table below. Which vulnerability should be first evaluated in the course of the risk management
process? Which one should be evaluated last?
Asset 1

Asset 2

This is a switch that has two vulnerabilities.


The first involves a hardware failure likelihood of 0.2 and the second
involves a buffer attack of likelihood 0.1.
The switch has an impact rating (value lost by exploiting a
vulnerability) of 70.
Assumptions made on this asset have a 90% certainty.
This is a web server that deals with e-commerce transactions.
It has one vulnerability, which involves the possibility of a DDoS attack,
with a likelihood of 0.1.
The web server has an impact rating (value lost by exploiting a
vulnerability) of 100.
Assumptions made on this asset have a 40% certainty.

Solution:
Note, all the vulnerabilities are currently unprotected, i.e., there are NO current controls
implemented => CC in the below formulas = 0.
Asset 1, Vulnerability 1:

R = P*V - CC*P*V + UK*P*V = 0.2*70 + (1-0.9)*0.2*70 = 14 + 1.4 = 15.4


Asset 1, Vulnerability 2:

R = P*V - CC*P*V + UK*P*V = 0.1*70 + (1-0.9)*0.1*70 = 7 + 0.7 = 7.7


Asset 2, Vulnerability 1:

R = P*V - CC*P*V + UK*P*V = 0.1*100 + (1-0.4)*0.1*100 = 10 + 6 = 16


The vulnerability to be evaluated first for (further) risk control is:
Asset 2, Vulnerability 1.
The vulnerability to be evaluated last for (further) risk control is:

Asset 1, Vulnerability 2.

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8.2
[10 points] WebX - an Internet e-commerce company - runs a web-site (7 days a week,
24 hours a day). The web-site generates an average of $2,000 per hour in revenue from customer
orders.
The risk management experts of the company have observed that each incident of denial of
service (DoS) on WebXs web-server results in a measurable financial loss for the company
amounting to 0.1% of the web-sites annual revenue. The experts have also estimated that after
each DoS incident, the company needs to spend $10,000 in advertising to counteract the negative
publicity from the incident. Statistically, DoS attacks on WebXs web-server occur once every 3
months, and put the WebXs web-site out of service for an average of 6 hours.
Currently, the WebXs risk management experts are debating the implementation of a
sophisticated intrusion detection and prevention system (IDPS). The one-time cost of this system
is $90,000. Once implemented, the system would have to be regularly updated/managed by
WebXs Information Security staff. The work on the systems update/management would amount
to an average of 50 hours per month. The average hourly wage of WebXs Information Security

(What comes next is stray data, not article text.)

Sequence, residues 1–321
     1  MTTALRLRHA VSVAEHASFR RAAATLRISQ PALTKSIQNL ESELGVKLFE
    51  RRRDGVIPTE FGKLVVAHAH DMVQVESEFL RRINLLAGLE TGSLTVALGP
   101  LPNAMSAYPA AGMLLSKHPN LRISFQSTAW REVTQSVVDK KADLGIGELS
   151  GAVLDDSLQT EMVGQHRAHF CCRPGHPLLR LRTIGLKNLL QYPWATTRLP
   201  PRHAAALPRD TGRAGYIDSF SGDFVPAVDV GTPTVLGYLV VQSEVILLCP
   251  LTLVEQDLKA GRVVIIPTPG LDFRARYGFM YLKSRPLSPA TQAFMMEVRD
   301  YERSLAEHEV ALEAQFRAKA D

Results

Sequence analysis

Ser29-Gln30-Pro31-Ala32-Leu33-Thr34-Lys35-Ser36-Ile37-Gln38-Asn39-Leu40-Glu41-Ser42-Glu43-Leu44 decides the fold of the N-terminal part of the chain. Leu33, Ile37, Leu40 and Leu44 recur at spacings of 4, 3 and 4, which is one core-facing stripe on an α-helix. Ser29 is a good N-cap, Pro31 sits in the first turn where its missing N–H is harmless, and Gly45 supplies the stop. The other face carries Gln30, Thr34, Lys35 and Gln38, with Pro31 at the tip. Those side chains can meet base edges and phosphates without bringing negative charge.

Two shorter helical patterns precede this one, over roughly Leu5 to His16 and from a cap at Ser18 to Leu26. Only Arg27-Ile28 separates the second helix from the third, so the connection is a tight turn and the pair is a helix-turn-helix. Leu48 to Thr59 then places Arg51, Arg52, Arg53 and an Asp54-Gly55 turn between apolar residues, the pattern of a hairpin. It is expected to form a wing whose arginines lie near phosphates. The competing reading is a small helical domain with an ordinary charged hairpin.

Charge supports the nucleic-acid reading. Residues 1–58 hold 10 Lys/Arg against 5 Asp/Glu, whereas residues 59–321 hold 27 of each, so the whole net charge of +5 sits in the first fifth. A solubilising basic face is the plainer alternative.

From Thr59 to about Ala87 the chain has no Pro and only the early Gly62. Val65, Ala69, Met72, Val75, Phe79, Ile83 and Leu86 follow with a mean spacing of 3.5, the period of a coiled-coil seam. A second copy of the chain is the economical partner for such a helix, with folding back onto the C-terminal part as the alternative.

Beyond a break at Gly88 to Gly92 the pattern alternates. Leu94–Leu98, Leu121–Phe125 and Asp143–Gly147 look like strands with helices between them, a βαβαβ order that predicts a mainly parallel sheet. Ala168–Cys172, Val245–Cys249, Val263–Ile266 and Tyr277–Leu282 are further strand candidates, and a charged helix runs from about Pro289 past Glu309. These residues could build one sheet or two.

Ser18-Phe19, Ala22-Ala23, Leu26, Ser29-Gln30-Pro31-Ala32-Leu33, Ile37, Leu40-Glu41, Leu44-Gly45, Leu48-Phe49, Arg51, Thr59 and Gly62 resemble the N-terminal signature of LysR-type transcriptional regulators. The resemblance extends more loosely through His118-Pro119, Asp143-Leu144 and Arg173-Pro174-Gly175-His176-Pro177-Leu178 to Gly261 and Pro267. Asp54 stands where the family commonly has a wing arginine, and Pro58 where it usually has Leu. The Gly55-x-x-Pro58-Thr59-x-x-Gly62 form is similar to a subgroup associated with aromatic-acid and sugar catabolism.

staff is $50. With the IDPS system in place, DoS attacks would be occurring (only) twice a year,
would last (only) 3 hours, and would result in only a half of the original annual revenue loss
(0.05%). The cost of counteracting the negative publicity from the incident would remain
unchanged.
Calculate the ROI for the considered IDPS system. (For full credit, you must clearly show the
procedure that you took to get your answer.)
Would it be financially justifiable for WebX to deploy the considered system, and if so at
which point in time? Justify your answer!

Solution:
http://technet.microsoft.com/en-us/library/cc751213.aspx
http://www.opsec.com/solutions/partners/downloads/Spire-Security-Firewall-Economics-whitepaper.pdf

PRIOR:
Annual Revenue = 24*365*$2,000 = $1,752,000
SLEprior = indirect loss of revenue + cost of advertising + direct loss (site not working) =
= 0.001*$17,520,000 + $10,000 + 6*$2,000 =
= $17,520 + $10,000 + $12,000 = $39,520
AROpior = once every 3 months = 4 times a year = 4
ALEprior = SLE * ARO = 4 * $ 39,520 = $158,080

POSTERIOR:
SLEpost = indirect loss of revenue + cost of advertising + direct loss (site not working) =
= 0.0005*$17,520,000 + $10,000 + 3*$2,000 =
= $8,760 + $10,000 + $6,000 = $24,760
AROpost = 2
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ALEpost = $49,520
ACS = $90,000 + 12*50*$50 = $120,000
ROI in 1st year = ALEprior ALEpost ACS = $158,080 - $49,520 - $120,000 = -$11,440
---------------------------------------------------------------------------------------------------------------------------After 2 years:
ALEprior = 2*$158,080 = $316,160
ALEpost = 2*$49,520 = $99,040
ACS = $90,000 + 2*12*50*50 = $90,000 + $60,000 = $150,000
ROI in 2nd year = ALEprior ALEpost CS = $316,160 - $99,040 - $150,000 = $67,120
It would be financially justifiable to employ the system in the 2nd year.